After 12 months, nutrition continues to play an important role in your child’s growth and development. By their first birthday, they have likely already tried many foods and according to the American Academy of Pediatrics (AAP), can now be introduced to whole cow’s milk. Whole milk, sometimes referred to as 4% fat milk, offers your little one a wide range of nutrients including high-quality protein, vitamin D, and calcium and also fat that can serve as an energy source important for rapidly growing brains. Developed with pediatricians, Growing Years® Organic Whole Milk contains all the nutrients of whole milk plus it is fortified with choline, DHA Omega-3, prebiotics, and is high in vitamin D.
Sometimes, the first introduction to whole cow’s milk may not go as planned and your child may not like its taste initially. Here are some tips and tricks to ease the transition to your child drinking whole milk:
Children younger than 24 months should not consume any other dairy milk other than whole milk because whole milk has a higher fat content, which is important for young children.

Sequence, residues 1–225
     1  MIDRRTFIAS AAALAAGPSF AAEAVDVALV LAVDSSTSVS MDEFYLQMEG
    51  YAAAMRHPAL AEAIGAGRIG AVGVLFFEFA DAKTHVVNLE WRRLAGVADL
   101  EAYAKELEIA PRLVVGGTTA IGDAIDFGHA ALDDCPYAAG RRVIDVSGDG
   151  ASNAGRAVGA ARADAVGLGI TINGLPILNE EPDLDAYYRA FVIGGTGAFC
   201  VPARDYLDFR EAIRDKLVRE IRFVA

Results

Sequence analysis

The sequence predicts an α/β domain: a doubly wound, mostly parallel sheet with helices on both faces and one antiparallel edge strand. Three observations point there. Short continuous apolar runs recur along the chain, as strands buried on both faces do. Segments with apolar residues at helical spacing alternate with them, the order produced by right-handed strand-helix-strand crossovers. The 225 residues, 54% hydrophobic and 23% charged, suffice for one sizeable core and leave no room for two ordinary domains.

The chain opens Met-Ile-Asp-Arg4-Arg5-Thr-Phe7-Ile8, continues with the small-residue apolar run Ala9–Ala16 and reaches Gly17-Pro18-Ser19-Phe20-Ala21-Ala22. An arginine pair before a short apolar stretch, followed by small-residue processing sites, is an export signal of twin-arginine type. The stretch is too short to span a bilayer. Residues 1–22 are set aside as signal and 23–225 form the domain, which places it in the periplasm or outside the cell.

The AAP recommends 16 ounces of whole milk per day, and no more than 24 ounces per day, so milk is not displacing iron-rich food.
Around the time your child is transitioning to cow’s milk, their dexterity skills are advancing. They are now able to grab, hold, and release objects, such as cups and toys, making this a great time to introduce a cup. Here are some tips to help ease the transition:
You may need to try multiple cups while your child is weaning off the bottle to an open cup or straw cup.
Continued and prolonged use of a bottle or sippy cup have been associated with a higher risk of excessive weight gain, tooth decay, and the potential to displace iron-rich foods in the diet which could lead to deficiency.
Regardless of how you serve milk, consuming it when laying down to sleep can increase the risk of choking, tooth decay, and ear infection.
After the second year of life, your child has likely mastered steadily holding and drinking from an open cup. At this point, some children might be ready to start drinking a dairy milk containing a lower fat content like Growing Years Reduced Fat Milk. Please consult your child’s health care provider for specific recommendations.
Here are some facts to know as you transition:
*It is important to note that if using in combination with infant formula, the infant formula must be prepared correctly with water according to package instructions prior to mixing with whole milk.